Ms Cody is currently a Director of the Sydney Theatre Company (STC) and a member of its Finance Committee and STC 50 Committee. She was a Director of the Australian Ballet from 1999 until 2010, Chair of the Australian Ballet’s Audit Committee, and Chair of its Future Education Fund Committee.

PETER ROSE

NON-EXECUTIVE MEMBER

BEc (Hons) (University of Adelaide) 

Mr Rose is a Consultant to Foxtel, Foxtel Movies, Presto and other digital platforms. He initiated the introduction of a number of successful and award-winning Australian television drama series to the Australian pay TV industry, including Love My Way, Tangle, Satisfaction and Cloudstreet.

Mr Rose has held a number of high-level industry positions, including Marketing Director of the South Australian Film Corporation; Head of Marketing and Distribution for Hoyts Theatres; Managing Director of Roadshow, Coote and Carroll; and Executive Vice President of International Marketing for United International Pictures.

PAUL NEVILLE

NON-EXECUTIVE MEMBER

Mr Neville has a keen interest in Australian cinema, and experience in the governance of a collecting institution.

Mr Neville was the Federal Member for Hinkler from 1993 to 2013, and was Chair of the Coalition’s Communications Committee and the All Party Standing Committee on Transport, Communications and the Arts. He is on the board of Hinkler House Memorial Museum and Research Association. He was a former area manager for Birch Carroll and Coyle (a subsidiary of Greater Union Theatres), and a freelance journalist and cameraman.

FIONA SCOTT

NON-EXECUTIVE MEMBER

BBus (Western Sydney University)

Master of Administration and Management
(Australian Graduate School of Management)

Ms Scott provides strategic marketing and communications advice to the infrastructure, fast-moving consumer goods and agricultural sectors, and is a political commentator on Sky News. She holds several government, private sector and charity board positions.

Ms Scott was the Federal Member for Lindsay between 2013 and 2016. Prior to politics, Ms Scott was a strategic marketing and communications specialist working with ASX-listed companies, including Westfield, GPT, Auto One and Wattyl Paints. She was also the NSW representative on Auto One’s National Members Advisory Council.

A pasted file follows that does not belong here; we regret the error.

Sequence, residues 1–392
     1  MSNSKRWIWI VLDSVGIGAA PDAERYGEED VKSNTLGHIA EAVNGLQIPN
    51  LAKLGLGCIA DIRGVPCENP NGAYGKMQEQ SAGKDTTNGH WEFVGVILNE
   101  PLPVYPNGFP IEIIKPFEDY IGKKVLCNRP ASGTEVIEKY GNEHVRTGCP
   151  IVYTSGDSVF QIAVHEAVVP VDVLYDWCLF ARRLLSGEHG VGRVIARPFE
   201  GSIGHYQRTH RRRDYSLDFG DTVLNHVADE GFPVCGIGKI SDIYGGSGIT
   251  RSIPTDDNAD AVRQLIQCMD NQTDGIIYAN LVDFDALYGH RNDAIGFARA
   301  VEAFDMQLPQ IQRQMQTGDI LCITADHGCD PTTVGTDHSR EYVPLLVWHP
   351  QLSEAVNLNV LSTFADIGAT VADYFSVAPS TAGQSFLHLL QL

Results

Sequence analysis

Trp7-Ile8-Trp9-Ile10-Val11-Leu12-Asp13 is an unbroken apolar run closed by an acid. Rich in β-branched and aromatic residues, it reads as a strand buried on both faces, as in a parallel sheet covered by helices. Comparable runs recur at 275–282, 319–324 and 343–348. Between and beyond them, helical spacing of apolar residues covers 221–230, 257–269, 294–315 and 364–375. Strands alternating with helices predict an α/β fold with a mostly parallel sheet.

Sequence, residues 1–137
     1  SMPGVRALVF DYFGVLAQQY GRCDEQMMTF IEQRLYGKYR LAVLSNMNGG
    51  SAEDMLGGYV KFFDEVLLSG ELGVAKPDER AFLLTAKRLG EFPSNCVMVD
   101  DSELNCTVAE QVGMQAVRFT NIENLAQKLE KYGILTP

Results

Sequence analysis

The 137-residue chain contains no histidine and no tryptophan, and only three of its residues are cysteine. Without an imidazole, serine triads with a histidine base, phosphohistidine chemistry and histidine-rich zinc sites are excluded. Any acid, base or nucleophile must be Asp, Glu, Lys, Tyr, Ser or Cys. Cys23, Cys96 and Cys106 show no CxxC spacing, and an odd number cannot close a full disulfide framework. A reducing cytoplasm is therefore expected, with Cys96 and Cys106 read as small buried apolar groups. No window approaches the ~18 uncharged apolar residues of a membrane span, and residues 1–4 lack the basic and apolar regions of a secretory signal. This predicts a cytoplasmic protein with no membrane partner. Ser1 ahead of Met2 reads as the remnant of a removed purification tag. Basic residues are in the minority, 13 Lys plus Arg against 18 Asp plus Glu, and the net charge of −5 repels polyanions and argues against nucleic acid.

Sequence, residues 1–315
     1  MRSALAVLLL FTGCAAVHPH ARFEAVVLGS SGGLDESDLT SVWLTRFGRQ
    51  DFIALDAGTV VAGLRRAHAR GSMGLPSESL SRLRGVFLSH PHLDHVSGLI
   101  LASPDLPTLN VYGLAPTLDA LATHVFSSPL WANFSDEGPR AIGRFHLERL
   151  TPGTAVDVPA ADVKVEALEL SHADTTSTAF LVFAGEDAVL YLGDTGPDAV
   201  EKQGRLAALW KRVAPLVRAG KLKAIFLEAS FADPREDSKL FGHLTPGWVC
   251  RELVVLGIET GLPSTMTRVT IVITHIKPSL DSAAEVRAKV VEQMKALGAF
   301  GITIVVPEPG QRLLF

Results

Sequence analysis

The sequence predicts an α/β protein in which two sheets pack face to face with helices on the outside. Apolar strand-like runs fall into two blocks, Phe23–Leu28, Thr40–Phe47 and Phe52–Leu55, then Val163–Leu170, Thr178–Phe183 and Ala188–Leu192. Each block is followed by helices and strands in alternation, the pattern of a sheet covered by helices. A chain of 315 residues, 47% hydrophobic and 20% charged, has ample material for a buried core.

CAROLINE ELLIOT

NON-EXECUTIVE MEMBER

BEc (Monash University)

Member of the Institute of Chartered Accountants in Australia and New Zealand

Ms Elliot is a Chartered Accountant and has extensive experience in corporate consultancy, including strategic, governance and financial advisory roles. She has sat on the boards of the Public Transport Ombudsman, Cell Therapies Pty Ltd, and the Peter McCallum Cancer Centre. She is currently serving on the St John’s Ambulance Victoria Board.

KIM LEDGER

NON-EXECUTIVE MEMBER

Mr Ledger is a Western Australian businessman and entrepreneur who founded – and successfully operated – a number of businesses in Perth, Adelaide and, more recently, New York. Kim has an ongoing relationship with the film industry through his work as Patron of Australians in Film (Heath Ledger Scholarship) in Los Angeles.

Mr Ledger co-founded Scriptwise – a non-profit foundation set up to educate people about the dangers of abusing prescription drugs – and he is a Member of the Management Committee of Cyrenian House (WA Council on Addictions). Kim has been Patron of the Prostate Cancer Foundation (Pro-State Ride WA) since 2010.